Photo: Holly Whittaker

Cian Ducrot

The Irish singer/songwriter tells his story on debut album 'Victory'

Baby’s All Right 

At a show at Baby’s All Right in Brooklyn, NY this past March, Cian Ducrot sat down at the piano and sang studio-quality vocals from start to finish. While still riding the wave of success for his hit “I’ll Be Waiting,” made famous by flash mob themed Tik Tok videos with over 100 million views, he had just wrapped up an opening act run on Ed Sheeran’s European leg of his “- Tour” as well as a special performance of “I’ll Be Waiting” with the Jonas Brothers, as their special guest, at Royal Albert Hall. By the time he took the stage in Brooklyn, Ducrot had completely hit his stride.

The Baby’s All Right show was a precursor of what was, and is, to come. It was a small, intimate offering for fans to get a taste of Victory, his debut album, out now. “I’ll Be Waiting,” along with other well-known singles “Heaven” and “All For You” are included in the project, but there is so much more that the Irish-born singer-songwriter has to offer.

Classical Beginnings 

Ducrot has been a vocalist from the start, but attended the Royal Academy of Music to pursue his passion as a flutist. “It was kind of what I used to study music on a deeper, more advanced level,” he said. “Singing was another sense of joy… that was a bit less pressure since I wasn’t doing it at as high a level as I was in classical music.” He released a bedroom pop-oriented mixtape, started in college, in the summer of 2020, delivering a solid collection of tunes that teased his vocal prowess yet stuck to the intimacy of the genre.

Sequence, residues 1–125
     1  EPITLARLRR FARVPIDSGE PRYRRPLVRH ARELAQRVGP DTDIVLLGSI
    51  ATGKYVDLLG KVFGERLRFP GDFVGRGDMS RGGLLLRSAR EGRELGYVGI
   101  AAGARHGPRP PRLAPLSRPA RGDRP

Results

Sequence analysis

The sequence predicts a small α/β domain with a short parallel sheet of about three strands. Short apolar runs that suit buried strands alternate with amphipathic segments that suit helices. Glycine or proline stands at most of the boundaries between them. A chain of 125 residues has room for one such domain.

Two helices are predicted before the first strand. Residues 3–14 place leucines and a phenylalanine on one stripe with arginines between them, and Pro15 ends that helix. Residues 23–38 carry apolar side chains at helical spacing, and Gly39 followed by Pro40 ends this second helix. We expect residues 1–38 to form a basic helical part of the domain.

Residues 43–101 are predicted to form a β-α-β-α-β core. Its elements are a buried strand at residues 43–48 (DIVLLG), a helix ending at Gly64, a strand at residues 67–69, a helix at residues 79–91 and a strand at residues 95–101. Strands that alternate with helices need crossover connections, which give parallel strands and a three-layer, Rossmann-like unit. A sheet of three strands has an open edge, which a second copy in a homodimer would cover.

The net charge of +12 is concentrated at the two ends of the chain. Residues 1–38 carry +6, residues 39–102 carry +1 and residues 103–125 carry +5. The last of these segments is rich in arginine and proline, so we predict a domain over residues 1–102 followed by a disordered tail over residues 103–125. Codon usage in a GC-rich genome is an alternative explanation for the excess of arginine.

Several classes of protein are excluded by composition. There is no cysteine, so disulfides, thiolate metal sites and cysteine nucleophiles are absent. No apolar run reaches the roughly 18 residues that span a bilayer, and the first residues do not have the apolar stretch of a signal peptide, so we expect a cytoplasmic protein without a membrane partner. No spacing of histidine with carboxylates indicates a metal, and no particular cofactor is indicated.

Soon after, “I’ll Be Waiting” began to take shape, and the rest is history. Unsuspecting patrons were treated to a sudden assembly of Ducrot and his choir performing the number, and the videos posted to social media began to gain traction. Those slightly unconventional yet endearing pieces of content have now led to Ducrot’s emotional yet cathartic debut record.

Photo: Holly Whittaker


Victory is an encapsulation of many things: The loss of his best friend (“Part Of Me”), a love letter to his single mom (“Mama”), darker, and more sensual relationship-themed omissions (“Everyone Who Falls in Love {Has Someone Else They’re Thinking Of}”). The title track is an abridged yet succinct version of his journey, tied together with a bow. “All For You” is, potentially, his most impressive vocal. “Endless Nights” and “Him” are more electronic-leaning (he teased diving further into the genre with time) the latter with an infectious flow and vocal run in the chorus: “I’d never have let you leave/I’d have been on my knees/Oh, I-I-I-I-I’m falling down.” He dips into a more hip-hop-oriented sound on “Mama” with an Ed Sheeran-like rap-sung flow: “I know it all comes up when we’re talking / I know you’re tryna save me the pain that it’s causing / I never see you cry, now I hear that it’s pouring / So, let me be the roof while you pull up the flooring.”

“How Do You Know” 

“How Do You Know,” a gem of a tune that Ducrot has slipped into his live set for some time and perfectly captures his essence as a singer/songwriter, is a clear highlight. The studio version is lush and orchestral, but the live version, videos of which can be found online, contains its true power.